6. ^ PUERTO RICO INT. AIR., INC. v. INTERNATIONAL ASS'N OF M. & A. W. (PUERTO RICO INTERNATIONAL AIRLINES, INC., Plaintiff, v. INTERNATIONAL ASSOCIATION OF MACHINISTS AND AEROSPACE WORKERS et al., Defendants.) US. District Court for the District of Puerto Rico. Civ. No. 540-73. 366 F.Supp. 646 (1973). July 26, 1973. Retrieved 27 February 2014.
  7. ^ Aircraft Accident Report: NTSB/AAR-80-03. Nat. Transp. Safety Brd. Retrieved 27 February 2014.
  8. ^ Recordando a Prinair.
  9. ^ Prinair recovering; yields first, traffic second; after 18 months of minor losses the large Puerto Rican airline moves back into the black; new aircraft allow aging Herons to be retired. J.A. Donoghue. Air Transport World. HiBeam Business. 1 June 1984. Retrieved 27 February 2014.
  10. ^ Prinair history page. Retrieved: August 13, 2008. Archived October 4, 2011, at the Wayback Machine.
  11. ^ Aerosite.net Prinair page. Retrieved: August 13, 2008.
  12. ^ http://supreme.justia.com/cases/federal/us/435/951/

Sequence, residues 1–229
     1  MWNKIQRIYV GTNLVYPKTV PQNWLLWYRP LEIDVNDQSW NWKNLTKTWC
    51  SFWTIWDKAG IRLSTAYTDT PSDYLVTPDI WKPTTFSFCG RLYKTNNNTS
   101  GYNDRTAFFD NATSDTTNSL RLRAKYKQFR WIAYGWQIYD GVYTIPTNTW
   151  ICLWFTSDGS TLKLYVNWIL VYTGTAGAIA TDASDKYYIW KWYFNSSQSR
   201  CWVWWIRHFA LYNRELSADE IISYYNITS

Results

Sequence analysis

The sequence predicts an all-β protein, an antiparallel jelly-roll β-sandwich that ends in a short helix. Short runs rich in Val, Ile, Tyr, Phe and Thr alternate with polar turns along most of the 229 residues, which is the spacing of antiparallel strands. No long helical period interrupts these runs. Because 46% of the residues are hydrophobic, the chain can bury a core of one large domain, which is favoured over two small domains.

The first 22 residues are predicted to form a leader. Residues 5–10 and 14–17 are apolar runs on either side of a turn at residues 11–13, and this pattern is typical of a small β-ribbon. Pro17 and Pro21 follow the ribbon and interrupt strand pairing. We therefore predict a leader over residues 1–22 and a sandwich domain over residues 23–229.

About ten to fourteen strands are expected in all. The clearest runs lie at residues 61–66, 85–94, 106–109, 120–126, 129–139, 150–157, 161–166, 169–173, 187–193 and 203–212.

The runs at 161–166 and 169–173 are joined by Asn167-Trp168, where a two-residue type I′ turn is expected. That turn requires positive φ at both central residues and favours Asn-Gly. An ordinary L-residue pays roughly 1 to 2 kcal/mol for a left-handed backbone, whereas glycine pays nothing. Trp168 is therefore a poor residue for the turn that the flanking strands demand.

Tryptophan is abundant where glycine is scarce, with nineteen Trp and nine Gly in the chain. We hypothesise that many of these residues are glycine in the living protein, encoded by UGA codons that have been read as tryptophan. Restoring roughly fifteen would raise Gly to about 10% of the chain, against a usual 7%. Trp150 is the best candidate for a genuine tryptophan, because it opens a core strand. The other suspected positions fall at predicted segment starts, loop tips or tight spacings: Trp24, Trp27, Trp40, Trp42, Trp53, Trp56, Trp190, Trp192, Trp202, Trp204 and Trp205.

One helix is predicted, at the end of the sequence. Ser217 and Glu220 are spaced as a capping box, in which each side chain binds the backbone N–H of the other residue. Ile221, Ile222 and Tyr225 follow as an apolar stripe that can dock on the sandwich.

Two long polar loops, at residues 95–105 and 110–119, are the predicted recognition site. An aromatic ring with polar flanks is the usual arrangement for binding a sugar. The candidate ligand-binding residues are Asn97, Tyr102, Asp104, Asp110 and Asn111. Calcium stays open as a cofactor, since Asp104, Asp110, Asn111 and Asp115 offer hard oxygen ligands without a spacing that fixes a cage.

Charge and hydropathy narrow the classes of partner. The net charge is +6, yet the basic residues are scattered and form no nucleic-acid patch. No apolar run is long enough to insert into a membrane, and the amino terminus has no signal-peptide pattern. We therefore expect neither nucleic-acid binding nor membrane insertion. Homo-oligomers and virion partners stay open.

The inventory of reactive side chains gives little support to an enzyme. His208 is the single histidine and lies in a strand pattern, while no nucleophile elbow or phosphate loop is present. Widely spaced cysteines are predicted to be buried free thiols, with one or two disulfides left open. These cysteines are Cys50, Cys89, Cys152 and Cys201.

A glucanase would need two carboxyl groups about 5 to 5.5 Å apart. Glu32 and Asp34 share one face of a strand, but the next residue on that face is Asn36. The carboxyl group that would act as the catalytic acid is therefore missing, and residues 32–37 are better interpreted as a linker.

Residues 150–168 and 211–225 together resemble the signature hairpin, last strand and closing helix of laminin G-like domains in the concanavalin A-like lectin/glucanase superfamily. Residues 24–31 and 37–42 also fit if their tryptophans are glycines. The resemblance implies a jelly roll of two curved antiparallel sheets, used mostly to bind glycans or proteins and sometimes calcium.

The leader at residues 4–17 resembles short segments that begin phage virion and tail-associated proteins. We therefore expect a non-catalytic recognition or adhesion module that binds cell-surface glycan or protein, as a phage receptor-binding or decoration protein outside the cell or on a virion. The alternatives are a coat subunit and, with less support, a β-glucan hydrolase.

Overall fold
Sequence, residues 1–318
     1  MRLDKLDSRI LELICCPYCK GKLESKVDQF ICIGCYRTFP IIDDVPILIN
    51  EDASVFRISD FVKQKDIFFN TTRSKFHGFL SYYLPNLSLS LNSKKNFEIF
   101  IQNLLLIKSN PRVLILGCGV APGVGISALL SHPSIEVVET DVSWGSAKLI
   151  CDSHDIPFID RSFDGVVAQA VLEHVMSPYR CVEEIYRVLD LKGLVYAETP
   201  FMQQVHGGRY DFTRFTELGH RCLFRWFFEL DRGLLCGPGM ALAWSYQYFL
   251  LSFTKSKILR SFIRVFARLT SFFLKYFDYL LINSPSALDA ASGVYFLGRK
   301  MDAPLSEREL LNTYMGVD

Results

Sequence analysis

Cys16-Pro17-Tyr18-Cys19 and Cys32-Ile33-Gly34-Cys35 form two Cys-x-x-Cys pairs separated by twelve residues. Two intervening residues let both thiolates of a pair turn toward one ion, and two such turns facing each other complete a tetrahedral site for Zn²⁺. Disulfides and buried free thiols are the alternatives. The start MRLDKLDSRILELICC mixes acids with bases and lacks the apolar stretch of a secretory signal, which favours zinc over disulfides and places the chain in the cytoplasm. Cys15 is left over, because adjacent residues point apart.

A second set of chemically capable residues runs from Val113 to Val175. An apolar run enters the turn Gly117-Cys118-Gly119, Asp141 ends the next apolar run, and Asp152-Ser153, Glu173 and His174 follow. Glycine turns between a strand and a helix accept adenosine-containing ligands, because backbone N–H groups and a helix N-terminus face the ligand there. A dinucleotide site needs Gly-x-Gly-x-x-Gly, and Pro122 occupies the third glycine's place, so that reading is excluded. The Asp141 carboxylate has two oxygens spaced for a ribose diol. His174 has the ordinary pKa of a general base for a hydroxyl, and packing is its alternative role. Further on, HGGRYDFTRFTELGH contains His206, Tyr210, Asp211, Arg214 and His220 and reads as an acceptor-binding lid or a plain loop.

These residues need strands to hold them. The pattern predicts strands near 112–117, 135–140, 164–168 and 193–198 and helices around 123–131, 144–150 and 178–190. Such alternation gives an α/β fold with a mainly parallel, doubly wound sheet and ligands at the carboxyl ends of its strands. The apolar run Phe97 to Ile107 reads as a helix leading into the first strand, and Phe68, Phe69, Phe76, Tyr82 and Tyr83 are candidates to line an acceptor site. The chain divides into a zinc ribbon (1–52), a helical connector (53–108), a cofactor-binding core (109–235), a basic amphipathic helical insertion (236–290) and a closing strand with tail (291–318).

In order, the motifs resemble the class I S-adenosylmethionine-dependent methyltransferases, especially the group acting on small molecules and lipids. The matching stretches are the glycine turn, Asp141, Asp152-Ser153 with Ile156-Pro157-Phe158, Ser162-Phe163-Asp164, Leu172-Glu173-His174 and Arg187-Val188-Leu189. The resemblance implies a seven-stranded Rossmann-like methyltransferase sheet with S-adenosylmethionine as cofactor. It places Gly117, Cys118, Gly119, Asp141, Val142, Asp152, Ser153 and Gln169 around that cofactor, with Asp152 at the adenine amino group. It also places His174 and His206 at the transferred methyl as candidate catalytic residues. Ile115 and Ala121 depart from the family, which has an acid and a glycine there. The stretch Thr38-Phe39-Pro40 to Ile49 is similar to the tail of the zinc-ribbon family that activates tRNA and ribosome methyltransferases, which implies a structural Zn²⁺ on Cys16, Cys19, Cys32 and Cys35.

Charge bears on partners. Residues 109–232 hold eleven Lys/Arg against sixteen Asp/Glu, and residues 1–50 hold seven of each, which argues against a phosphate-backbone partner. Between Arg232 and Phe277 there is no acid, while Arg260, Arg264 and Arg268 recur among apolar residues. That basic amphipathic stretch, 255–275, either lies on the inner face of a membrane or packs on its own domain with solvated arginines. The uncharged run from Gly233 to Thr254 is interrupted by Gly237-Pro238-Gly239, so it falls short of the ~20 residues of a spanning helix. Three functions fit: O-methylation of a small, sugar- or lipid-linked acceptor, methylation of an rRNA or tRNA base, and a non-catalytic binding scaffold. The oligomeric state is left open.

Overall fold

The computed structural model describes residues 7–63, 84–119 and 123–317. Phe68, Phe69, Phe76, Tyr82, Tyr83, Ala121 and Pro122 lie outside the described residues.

13. ^ www,airliners.net, Photos of Prinair Piper Chieftain aircraft at San Juan (SJU)
  14. ^ Aviation Safety Network December 21, 1970 Prinair hijacking incident page. Retrieved: August 13, 2008.
  15. ^ Aviation Safety Network April 16, 1972 Prinair hijacking incident page. Retrieved: August 13, 2008.
  16. ^ Aviation Safety Network N563PR accident page. Retrieved: August 13, 2008.
  17. ^ Aviation Safety Network N554PR accident page. Retrieved: August 13, 2008.
  18. ^ First NTSB Report on the crash of N554PR. Retrieved: August 13, 2008.
  19. ^ Second NTSB Report on the crash of N554PR. Retrieved: August 13, 2008.
  20. ^ Aviation Safety Network N575PR accident page. Retrieved: August 13, 2008.
  21. ^ NTSB Report on the crash of N575PR.
  22. ^ http://www.timetableimages.com, Feb. 1, 1981 Prinair system timetable